11. ^ a b c d e f g h i j k l m n o Herbert, J. (2010). Shinto: At the Fountainhead of Japan. Routledge Library Editions: Japan. Taylor & Francis. p. 402. ISBN 978-1-136-90376-2. Retrieved 2020-11-21.
  12. ^ a b 大年神 [Ōtoshi-no-kami] (in Japanese). Kotobank. Archived from the original on 5 June 2023. Retrieved 5 May 2023.
  13. ^ a b 大年神 [Ōtoshi-no-kami] (in Japanese). Kokugakuin University. Archived from the original on 5 June 2023. Retrieved 5 May 2023.
  14. ^ a b Mori, Mizue. "Yashimajinumi". Kokugakuin University Encyclopedia of Shinto.
  15. ^ Frédéric, L.; Louis-Frédéric; Roth, K. (2005). Japan Encyclopedia. Harvard University Press reference library. Belknap Press of Harvard University Press. ISBN 978-0-674-01753-5. Retrieved 2020-11-21.
  16. ^ a b c "My Shinto: Personal Descriptions of Japanese Religion and Culture". Retrieved 2023-10-16.
  17. ^ “‘My Own Inari’: Personalization of the Deity in Inari Worship.” Japanese Journal of Religious Studies 23, no. 1/2 (1996): 87-88
  18. ^ "Ōtoshi | 國學院大學デジタルミュージアム". 2022-08-17. Archived from the original on 2022-08-17. Retrieved 2023-11-14.
  19. ^ "Encyclopedia of Shinto - Home : Kami in Classic Texts : Kushinadahime".
  20. ^ "Kagutsuchi". World History Encyclopedia.
  21. ^ Ashkenazi, M. (2003). Handbook of Japanese Mythology. Handbooks of world mythology. ABC-CLIO. p. 213. ISBN 978-1-57607-467-1. Retrieved 2020-11-21.
  22. ^ Chamberlain, B.H. (2012). Kojiki: Records of Ancient Matters. Tuttle Classics. Tuttle Publishing. ISBN 978-1-4629-0511-9. Retrieved 2020-11-21.
  23. ^ Philippi, Donald L. (2015). Kojiki. Princeton University Press. p. 92.
  24. ^ Chamberlain (1882). Section XX.—The August Ancestors of the Deity-Master-Of-The-Great Land.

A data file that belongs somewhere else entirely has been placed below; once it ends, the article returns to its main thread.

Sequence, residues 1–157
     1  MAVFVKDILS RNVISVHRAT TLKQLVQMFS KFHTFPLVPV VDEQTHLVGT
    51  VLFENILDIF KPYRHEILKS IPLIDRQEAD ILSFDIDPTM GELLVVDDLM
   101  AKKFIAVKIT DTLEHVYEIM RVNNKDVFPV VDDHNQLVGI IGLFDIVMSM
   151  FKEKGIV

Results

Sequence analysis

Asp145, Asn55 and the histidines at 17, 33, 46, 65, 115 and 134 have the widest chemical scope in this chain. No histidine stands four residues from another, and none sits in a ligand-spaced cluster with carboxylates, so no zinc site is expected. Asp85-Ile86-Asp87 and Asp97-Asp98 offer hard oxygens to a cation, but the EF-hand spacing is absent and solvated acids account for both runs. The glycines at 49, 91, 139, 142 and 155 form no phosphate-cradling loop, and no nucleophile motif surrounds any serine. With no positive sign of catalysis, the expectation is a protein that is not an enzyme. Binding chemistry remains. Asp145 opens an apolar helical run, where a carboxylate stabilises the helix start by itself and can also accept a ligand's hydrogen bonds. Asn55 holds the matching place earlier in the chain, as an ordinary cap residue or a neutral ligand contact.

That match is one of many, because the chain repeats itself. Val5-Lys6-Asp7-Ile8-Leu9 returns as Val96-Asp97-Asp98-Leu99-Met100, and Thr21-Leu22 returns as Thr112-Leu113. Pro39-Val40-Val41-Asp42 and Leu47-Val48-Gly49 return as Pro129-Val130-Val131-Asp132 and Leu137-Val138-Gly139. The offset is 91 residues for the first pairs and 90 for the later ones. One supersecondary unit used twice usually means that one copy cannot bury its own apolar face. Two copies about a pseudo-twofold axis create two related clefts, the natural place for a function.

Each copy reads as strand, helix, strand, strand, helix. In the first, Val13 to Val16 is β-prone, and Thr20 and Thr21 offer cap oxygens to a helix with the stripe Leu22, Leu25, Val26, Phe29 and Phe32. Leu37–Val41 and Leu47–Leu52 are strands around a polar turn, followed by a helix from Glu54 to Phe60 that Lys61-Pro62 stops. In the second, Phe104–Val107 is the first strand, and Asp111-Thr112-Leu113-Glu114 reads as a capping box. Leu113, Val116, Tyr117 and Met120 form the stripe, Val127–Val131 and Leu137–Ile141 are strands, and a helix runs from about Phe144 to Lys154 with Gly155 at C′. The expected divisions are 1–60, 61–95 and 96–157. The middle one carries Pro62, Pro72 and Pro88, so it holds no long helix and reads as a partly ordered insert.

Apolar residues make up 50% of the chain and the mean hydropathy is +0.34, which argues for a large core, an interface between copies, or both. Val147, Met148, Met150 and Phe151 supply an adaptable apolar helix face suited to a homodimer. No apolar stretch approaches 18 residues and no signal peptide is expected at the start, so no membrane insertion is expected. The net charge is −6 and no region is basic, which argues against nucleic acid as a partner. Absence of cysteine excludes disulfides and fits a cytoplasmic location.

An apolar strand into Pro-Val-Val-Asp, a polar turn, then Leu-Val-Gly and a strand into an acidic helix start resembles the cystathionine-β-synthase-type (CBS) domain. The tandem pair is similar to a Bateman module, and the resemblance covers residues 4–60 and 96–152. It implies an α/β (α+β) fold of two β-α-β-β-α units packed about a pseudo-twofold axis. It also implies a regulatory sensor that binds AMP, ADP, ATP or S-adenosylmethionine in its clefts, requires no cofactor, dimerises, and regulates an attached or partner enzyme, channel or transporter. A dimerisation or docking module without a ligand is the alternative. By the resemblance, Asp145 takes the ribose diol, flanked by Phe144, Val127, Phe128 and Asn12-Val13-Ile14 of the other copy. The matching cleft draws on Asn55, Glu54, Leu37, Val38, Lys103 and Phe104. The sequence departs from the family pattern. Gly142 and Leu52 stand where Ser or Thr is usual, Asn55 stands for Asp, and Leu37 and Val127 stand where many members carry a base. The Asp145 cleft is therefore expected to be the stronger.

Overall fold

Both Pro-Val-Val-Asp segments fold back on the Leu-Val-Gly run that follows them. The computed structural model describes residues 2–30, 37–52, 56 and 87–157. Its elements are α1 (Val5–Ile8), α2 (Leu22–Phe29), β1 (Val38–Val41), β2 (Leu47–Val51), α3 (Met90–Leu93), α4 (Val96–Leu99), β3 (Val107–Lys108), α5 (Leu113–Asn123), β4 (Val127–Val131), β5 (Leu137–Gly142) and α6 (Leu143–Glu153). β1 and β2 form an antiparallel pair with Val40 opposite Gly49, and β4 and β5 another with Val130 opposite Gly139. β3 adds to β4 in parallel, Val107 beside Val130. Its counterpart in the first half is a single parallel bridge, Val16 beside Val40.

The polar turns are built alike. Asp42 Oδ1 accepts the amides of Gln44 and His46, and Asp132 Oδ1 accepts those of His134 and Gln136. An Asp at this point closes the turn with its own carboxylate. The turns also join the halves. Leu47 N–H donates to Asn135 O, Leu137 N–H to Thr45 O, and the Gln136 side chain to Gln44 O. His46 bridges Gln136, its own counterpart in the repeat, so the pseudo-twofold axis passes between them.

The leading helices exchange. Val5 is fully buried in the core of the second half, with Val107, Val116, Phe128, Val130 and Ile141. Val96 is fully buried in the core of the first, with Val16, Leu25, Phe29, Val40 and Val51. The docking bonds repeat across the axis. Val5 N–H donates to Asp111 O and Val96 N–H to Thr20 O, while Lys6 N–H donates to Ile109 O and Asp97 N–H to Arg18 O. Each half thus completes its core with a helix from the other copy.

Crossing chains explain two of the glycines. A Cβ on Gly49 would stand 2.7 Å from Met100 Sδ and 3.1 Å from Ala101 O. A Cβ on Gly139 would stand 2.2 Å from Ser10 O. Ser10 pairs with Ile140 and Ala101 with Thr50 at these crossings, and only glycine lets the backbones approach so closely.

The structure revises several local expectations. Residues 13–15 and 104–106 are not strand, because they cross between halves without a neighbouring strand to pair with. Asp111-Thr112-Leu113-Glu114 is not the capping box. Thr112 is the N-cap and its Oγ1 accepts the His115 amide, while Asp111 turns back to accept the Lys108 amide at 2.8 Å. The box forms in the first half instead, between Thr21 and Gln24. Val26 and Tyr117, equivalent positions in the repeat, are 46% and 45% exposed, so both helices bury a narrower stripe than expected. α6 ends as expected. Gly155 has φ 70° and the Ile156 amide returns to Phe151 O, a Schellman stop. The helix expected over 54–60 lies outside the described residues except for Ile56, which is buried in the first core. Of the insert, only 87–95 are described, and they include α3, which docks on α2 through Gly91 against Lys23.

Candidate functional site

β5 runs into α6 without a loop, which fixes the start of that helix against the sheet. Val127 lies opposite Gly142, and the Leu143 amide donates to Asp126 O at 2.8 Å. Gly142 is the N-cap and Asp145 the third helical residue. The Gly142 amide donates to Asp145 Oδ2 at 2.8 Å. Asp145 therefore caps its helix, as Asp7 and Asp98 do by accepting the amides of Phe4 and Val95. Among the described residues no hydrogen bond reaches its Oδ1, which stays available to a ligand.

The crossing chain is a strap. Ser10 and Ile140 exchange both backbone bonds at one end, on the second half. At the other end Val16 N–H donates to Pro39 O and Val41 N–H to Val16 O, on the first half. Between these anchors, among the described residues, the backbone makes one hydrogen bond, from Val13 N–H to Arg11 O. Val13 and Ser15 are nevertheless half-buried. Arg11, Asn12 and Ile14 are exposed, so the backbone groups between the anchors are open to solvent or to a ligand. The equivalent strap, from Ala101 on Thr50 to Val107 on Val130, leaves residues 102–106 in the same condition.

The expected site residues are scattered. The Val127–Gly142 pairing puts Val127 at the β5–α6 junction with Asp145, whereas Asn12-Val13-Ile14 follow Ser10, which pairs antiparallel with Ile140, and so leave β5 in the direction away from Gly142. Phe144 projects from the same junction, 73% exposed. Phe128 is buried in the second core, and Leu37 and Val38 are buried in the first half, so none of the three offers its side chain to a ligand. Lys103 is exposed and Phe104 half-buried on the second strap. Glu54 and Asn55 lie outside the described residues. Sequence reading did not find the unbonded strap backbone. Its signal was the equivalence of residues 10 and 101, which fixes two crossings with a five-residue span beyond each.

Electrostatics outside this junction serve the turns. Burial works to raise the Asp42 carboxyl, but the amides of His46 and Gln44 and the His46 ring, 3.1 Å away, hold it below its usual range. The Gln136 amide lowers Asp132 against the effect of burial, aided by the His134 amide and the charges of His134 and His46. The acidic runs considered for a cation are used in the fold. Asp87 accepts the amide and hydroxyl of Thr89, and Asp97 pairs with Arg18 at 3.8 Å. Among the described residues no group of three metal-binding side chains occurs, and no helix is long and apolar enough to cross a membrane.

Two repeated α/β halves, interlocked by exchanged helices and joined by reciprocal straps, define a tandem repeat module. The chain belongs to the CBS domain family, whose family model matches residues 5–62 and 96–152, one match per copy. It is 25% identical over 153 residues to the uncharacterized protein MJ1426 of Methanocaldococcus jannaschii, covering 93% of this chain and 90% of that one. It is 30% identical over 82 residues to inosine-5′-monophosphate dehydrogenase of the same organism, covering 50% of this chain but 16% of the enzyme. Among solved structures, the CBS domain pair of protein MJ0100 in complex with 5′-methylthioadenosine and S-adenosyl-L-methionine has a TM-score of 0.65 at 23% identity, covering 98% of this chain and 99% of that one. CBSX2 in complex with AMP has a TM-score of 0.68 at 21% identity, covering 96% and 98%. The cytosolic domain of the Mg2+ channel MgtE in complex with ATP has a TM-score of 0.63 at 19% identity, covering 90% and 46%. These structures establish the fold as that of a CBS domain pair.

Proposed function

25. ^ a b Ponsonby-Fane, R. A. B. (2014-06-03). Studies In Shinto & Shrines. Routledge. ISBN 978-1-136-89294-3.
  26. ^ a b "Encyclopedia of Shinto - Home : Kami in Classic Texts : Futodama". Retrieved 2021-07-13.
  27. ^ Philippi, Donald L. (2015). Kojiki. Princeton University Press. pp. 104–112.
  28. ^ Atsushi, Kadoya; Tatsuya, Yumiyama (20 October 2005). "Ōkuninushi". Encyclopedia of Shinto. Retrieved 2010-09-29.
  29. ^ Atsushi, Kadoya (21 April 2005). "Ōnamuchi". Encyclopedia of Shinto. Retrieved 2010-09-29.
  30. ^ a b The Emperor's Clans: The Way of the Descendants, Aogaki Publishing, 2018.
  31. ^ a b c Varley, H. Paul. (1980). Jinnō Shōtōki: A Chronicle of Gods and Sovereigns. Columbia University Press. p. 89. ISBN 9780231049405.
  32. ^ Atsushi, Kadoya (28 April 2005). "Kotoshironushi". Encyclopedia of Shinto. Retrieved 2010-09-29.
  33. ^ Sendai Kuji Hongi, Book 4 (先代舊事本紀 巻第四), in Keizai Zasshisha, ed. (1898). Kokushi-taikei, vol. 7 (国史大系 第7巻). Keizai Zasshisha. pp. 243–244.
  34. ^ Chamberlain (1882). Section XXIV.—The Wooing of the Deity-of-Eight-Thousand-Spears.
  35. ^ Tanigawa Ken'ichi [de] 『日本の神々 神社と聖地 7 山陰』(新装復刊) 2000年 白水社 ISBN 978-4-560-02507-9
  36. ^ a b Kazuhiko, Nishioka (26 April 2005). "Isukeyorihime". Encyclopedia of Shinto. Archived from the original on 2023-03-21. Retrieved 2010-09-29.
  37. ^ a b 『神話の中のヒメたち もうひとつの古事記』p94-97「初代皇后は「神の御子」」
  38. ^ a b c 日本人名大辞典+Plus, デジタル版. "日子八井命とは". コトバンク (in Japanese). Retrieved 2022-06-01.
  39. ^ a b c ANDASSOVA, Maral (2019). "Emperor Jinmu in the Kojiki". Japan Review (32): 5–16. ISSN 0915-0986. JSTOR 26652947.
  40. ^ a b c "Visit Kusakabeyoshimi Shrine on your trip to Takamori-machi or Japan". Retrieved 2023-03-04.
  41. ^ 『図説 歴代天皇紀』p42-43「綏靖天皇」
  42. ^ Anston, p. 143 (Vol. 1)
  43. ^ Grapard, Allan G. (2023-04-28). The Protocol of the Gods: A Study of the Kasuga Cult in Japanese History. University of California Press. ISBN 978-0-520-91036-2.
  44. ^ Tenri Journal of Religion. Tenri University Press. 1968.
  45. ^ Takano, Tomoaki; Uchimura, Hiroaki (2006). History and Festivals of the Aso Shrine. Aso Shrine, Ichinomiya, Aso City.: Aso Shrine.